Generating local value

BSIF believes the assets within its portfolio can generate positive local value, for example through community benefit payments, educational initiatives, and nature enhancement. But BSIF is also mindful of the potential adverse impacts its operations could have, particularly relating to environmental impacts during construction, or human rights issues within the wider supply chain. As such, BSIF is focused both on how it can increase its positive contribution toward the communities and environments surrounding its sites, whilst at the same time reducing its negative impacts where possible.


Climate change and ecological impact are intrinsically linked, and both require urgent action. BSIF aims to generate positive value in both of these areas simultaneously, focusing upon Biodiversity Net Gain (BNG) across the portfolio as an additional way to mitigate climate change beyond its contribution to the Net Zero transition. Given the alarming rate of biodiversity decline in the UK, and the thousands of acres of land under management, BSIF has the opportunity to go beyond its mandatory requirements to deliver ecological gain.

BSIF has adopted a biodiversity policy which reflects its aspiration enhance biodiversity across its portfolio.. To help build up a baseline set of ecological data, BSIF has committed to conducting biodiversity assessments across at least 10% of its sites annually (for wholly owned assets >1MW in capacity).

BSIF manages its ecological impacts across the operational cycle1 of its assets. Bluefield Operations Ltd is responsible for ensuring each asset complies with its Landscape and Ecological Management Plan (LEMP). The LEMP is often created during the planning phase of a new project, and specifies enhancement measures which should be implemented to support (and potentially increase) nature present on-site, including wildflower seeding, bat and bird box installation, mammal gates and hibernacula.

Community impact

A focus for BSIF is how it can increase its positive contribution towards the communities surrounding its portfolio. Community perception of renewable technology is important as it feeds into local decision making, policy development and ultimately planning requirements.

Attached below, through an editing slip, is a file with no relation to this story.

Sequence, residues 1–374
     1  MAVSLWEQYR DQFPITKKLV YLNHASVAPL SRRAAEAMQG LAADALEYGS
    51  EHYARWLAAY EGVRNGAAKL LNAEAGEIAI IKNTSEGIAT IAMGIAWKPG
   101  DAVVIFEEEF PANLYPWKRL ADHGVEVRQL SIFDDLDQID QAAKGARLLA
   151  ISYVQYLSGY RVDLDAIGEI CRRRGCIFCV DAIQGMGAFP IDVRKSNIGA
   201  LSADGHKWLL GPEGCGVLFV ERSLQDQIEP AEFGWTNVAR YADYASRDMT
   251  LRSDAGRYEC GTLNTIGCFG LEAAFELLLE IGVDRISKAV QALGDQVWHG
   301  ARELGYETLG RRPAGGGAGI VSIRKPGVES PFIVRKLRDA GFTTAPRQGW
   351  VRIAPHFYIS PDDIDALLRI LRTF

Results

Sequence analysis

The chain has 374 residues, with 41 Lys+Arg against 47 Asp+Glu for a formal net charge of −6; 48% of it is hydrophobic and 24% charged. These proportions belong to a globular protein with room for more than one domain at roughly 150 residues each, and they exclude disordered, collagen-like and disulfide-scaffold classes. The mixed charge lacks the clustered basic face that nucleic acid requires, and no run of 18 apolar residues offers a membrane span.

Engagement undertaken as part of the planning process helps develop positive relationships with local stakeholders and obtain community support. Bluefield Development, currently developing a solar and battery pipeline for BSIF, prides itself on going beyond minimum requirements to actively engage community representatives, such as Parish Councils, as early in the planning process as possible.

Once assets are operational, community engagement is maintained through long-term relationships with landowners and the administration of community benefit funds.


This 5MW site in South Wales was developed, funded through construction and now managed by the Bluefield Group.

The project was a development opportunity that was given planning permission in 2016 and was grid connected in March 2017. It is a good use of land that looks down onto the M4 motorway and is an example of the broad range of expertise that the Bluefield Group has from development through to long term operation of a solar farm.


The Bluefield Group advised on the acquisition of this asset in 2014. The asset is situated on the site of Toyotas car manufacturing plant in Burnaston.

The 4.1MWp site sits within the boundary of the manufacturing base and has a direct wire that takes the electricity straight into the car plant. The plant was the first of its kind in the UK and showed a pioneering commitment to commercial and industrial installations.


The Bluefield Group advised on the acquisition of a 50MW farm in 2015, which was the largest solar farm in the UK at the time of construction.

It sits on c.300 acres of an ex-RAF base in the north Norfolk countryside. Bluefield Partners LLP worked with Trina, the owner of the development, on the acquisition pre-construction and acquired the site post-grid connection. The solar farm provides this historically important area with another notable chapter. In the first half of the 18th century local landowner, Charles Townshend, drove the agricultural revolution via the initiative of crop rotation which, arguably, precipitated the industrial revolution. The 20th century saw the site was used as a key RAF base in the Second World War and now, in the 21st century the site provides the next era defining activity by producing renewable energy.

1. Operational cycle refers to the development, construction, asset management and operational phases of the investment lifecycle.